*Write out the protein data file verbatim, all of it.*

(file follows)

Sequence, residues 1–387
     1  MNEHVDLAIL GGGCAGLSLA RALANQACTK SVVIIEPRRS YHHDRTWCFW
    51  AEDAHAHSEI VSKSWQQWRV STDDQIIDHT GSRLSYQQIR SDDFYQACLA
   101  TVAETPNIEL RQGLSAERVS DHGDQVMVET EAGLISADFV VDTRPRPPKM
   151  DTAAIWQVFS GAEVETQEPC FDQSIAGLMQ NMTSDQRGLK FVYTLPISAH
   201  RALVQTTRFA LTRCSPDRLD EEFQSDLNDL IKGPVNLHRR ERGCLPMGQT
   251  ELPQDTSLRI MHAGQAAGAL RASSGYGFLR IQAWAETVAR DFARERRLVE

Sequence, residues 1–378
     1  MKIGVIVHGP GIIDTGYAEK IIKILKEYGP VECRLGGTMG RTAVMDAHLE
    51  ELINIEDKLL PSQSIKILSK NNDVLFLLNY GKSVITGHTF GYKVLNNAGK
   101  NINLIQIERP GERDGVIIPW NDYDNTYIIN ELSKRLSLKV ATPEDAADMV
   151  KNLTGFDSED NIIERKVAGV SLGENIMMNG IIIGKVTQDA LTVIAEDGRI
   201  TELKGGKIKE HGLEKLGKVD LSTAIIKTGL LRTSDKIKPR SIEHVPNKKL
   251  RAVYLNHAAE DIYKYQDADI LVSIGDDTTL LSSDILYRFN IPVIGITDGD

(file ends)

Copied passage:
Sequence, residues 1–387
     1  MNEHVDLAIL GGGCAGLSLA RALANQACTK SVVIIEPRRS YHHDRTWCFW
    51  AEDAHAHSEI VSKSWQQWRV STDDQIIDHT GSRLSYQQIR SDDFYQACLA
   101  TVAETPNIEL RQGLSAERVS DHGDQVMVET EAGLISADFV VDTRPRPPKM
   151  DTAAIWQVFS GAEVETQEPC FDQSIAGLMQ NMTSDQRGLK FVYTLPISAH
   201  RALVQTTRFA LTRCSPDRLD EEFQSDLNDL IKGPVNLHRR ERGCLPMGQT
   251  ELPQDTSLRI MHAGQAAGAL RASSGYGFLR IQAWAETVAR DFARERRLVE

Sequence, residues 1–378
     1  MKIGVIVHGP GIIDTGYAEK IIKILKEYGP VECRLGGTMG RTAVMDAHLE
    51  ELINIEDKLL PSQSIKILSK NNDVLFLLNY GKSVITGHTF GYKVLNNAGK
   101  NINLIQIERP GERDGVIIPW NDYDNTYIIN ELSKRLSLKV ATPEDAADMV
   151  KNLTGFDSED NIIERKVAGV SLGENIMMNG IIIGKVTQDA LTVIAEDGRI
   201  TELKGGKIKE HGLEKLGKVD LSTAIIKTGL LRTSDKIKPR SIEHVPNKKL
   251  RAVYLNHAAE DIYKYQDADI LVSIGDDTTL LSSDILYRFN IPVIGITDGD